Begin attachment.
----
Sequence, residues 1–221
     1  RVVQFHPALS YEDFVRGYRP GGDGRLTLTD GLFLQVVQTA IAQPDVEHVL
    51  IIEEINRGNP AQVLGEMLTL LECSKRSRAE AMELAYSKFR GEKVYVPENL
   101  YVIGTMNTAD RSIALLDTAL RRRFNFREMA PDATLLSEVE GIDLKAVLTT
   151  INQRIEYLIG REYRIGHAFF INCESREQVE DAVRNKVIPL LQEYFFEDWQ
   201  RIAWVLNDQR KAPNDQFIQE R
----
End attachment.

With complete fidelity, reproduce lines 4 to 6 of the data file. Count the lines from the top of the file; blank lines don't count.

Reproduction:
   101  YVIGTMNTAD RSIALLDTAL RRRFNFREMA PDATLLSEVE GIDLKAVLTT
   151  INQRIEYLIG REYRIGHAFF INCESREQVE DAVRNKVIPL LQEYFFEDWQ
   201  RIAWVLNDQR KAPNDQFIQE R